Earlier this afternoon, I wrote that Gov.-Elect Dayton was thinking about nominating Paul Aasen to be the next commissioner of the MPCA. Since that post, I’ve had time to do a little digging into who Paul Aasen is and what he’s been involved with. One thing I’ve learned is that he co-authored an op-ed with Michael Noble that ran in the Strib on Sept. 16, 2009.

Here’s a telling part of their op-ed:

Along with our allies at the Izaak Walton League of America, the Union of Concerned Scientists and Wind on the Wires, the Minnesota Center for Environmental Advocacy and Fresh Energy argued, first in South Dakota, then before the Minnesota Public Utilities Commission (PUC), that the new plant was a bad idea. Our message was simple: The utilities had not proven the need for the energy, and what energy they did need could be acquired less expensively through energy efficiency and wind.

We kept losing, but a funny thing happened. With each passing year, it became clearer that we were right. In 2007, two of the Minnesota utilities dropped out, citing some of the same points we had been making. The remaining utilities had to go through the process again with a scaled-down 580-megawatt plant.

This time around, the administrative law judge ruled in our favor, saying the utilities had proven the need for, at most, 160 megawatts and had failed to prove that coal would be the least expensive way of providing the electricity. The Minnesota PUC approved the transmission lines into Minnesota, and we filed an appeal that is pending with the Minnesota Court of Appeals.

These words should put a chill in every sane Minnesotan’s mind: “We kept losing but a funny thing happened.”

My first question is who’s funding Aasen’s litigation organization? It takes tons of money to litigate this type of case. There’s lawyers to pay, court costs, research costs, just to mention a few of the many costs.

Another question I’ve got is what Al Junhke, Tom Bakk and the construction unions think. Does Junhke like the attrition litigation against agribusinesses in his district? Does Sen. Bakk like the lawsuits filed against logging companies and mining companies up in the Arrowhead?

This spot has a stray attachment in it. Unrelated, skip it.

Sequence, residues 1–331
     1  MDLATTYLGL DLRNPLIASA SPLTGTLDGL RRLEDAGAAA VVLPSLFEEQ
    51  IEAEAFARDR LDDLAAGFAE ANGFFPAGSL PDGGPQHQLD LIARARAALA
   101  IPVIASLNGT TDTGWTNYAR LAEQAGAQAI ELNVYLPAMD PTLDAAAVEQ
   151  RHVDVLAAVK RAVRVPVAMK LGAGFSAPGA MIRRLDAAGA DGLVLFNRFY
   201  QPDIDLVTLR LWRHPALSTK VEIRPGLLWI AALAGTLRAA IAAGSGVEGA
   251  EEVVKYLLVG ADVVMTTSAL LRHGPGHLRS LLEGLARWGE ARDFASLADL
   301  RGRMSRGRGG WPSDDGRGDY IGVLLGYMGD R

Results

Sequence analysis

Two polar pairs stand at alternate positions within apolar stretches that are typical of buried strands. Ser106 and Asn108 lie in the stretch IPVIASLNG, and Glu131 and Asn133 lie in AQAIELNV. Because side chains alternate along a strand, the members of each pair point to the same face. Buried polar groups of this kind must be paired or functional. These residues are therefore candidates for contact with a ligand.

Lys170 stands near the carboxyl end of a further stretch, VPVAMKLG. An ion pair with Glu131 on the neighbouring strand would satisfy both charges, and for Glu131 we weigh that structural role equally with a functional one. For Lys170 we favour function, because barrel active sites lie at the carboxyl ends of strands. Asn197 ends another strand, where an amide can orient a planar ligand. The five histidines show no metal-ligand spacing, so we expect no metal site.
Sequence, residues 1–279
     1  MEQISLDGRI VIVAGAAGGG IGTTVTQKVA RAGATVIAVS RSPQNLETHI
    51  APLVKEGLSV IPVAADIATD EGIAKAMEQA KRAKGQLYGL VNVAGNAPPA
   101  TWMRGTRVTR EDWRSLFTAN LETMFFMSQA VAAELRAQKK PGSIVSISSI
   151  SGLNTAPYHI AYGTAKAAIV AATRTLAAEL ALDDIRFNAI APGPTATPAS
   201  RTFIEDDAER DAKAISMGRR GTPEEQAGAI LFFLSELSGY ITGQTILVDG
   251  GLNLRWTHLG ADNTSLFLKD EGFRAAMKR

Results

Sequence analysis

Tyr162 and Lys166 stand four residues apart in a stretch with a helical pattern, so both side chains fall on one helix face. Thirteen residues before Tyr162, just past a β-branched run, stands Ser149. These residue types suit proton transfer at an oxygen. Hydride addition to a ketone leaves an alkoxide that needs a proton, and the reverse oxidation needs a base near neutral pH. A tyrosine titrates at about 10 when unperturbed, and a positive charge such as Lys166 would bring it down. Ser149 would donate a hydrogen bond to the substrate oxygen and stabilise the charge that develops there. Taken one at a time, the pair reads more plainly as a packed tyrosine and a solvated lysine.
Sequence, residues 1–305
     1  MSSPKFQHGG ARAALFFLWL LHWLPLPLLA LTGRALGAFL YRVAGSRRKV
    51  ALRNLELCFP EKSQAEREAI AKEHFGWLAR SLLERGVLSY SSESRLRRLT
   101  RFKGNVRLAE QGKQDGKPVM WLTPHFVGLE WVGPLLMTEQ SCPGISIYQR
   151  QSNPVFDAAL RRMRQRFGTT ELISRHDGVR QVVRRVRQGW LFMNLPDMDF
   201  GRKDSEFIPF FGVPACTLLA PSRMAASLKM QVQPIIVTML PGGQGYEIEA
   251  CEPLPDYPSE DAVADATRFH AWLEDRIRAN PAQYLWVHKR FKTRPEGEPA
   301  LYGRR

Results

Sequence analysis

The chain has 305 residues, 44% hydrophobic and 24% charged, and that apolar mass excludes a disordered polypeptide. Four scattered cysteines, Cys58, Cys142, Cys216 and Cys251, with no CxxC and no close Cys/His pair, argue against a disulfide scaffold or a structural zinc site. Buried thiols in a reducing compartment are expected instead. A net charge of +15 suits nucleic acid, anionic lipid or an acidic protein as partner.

Do the construction unions get upset that MCEA has cost them construction jobs on the Iron Range and on Big Stone II?

Was MCEA funded by people who have made big investments in green energy businesses? Or in Cap-And-Trade futures markets?

Most importantly, would Aasen be hostile to companies that would upset the green energy business model?

Aasen’s track record with MCEA has proven to be more hostile towards businesses than collaborative. At a time when the legislature and the executive branch should be putting in place policies that create jobs, Aasen’s nomination would send a terrible signal to the legislature and to Minnesota that a Dayton administration would be hostile towards small businesses.

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13 Responses to “Attritition, Not Litigation”

  • eric z says:

    It appears to be a sound choice.

    Score one for Dayton.

    To the extent greater amounts of energy may be needed the wind blows in Southwest Minnesota and the infrastructure needed is transmission – improvement of the now overloaded grid, and wind turbines. Not Excelsior.

    To the extent there has been resistance to upgrading the grid, the NIMBY thing against transmission lines, things do need to change.

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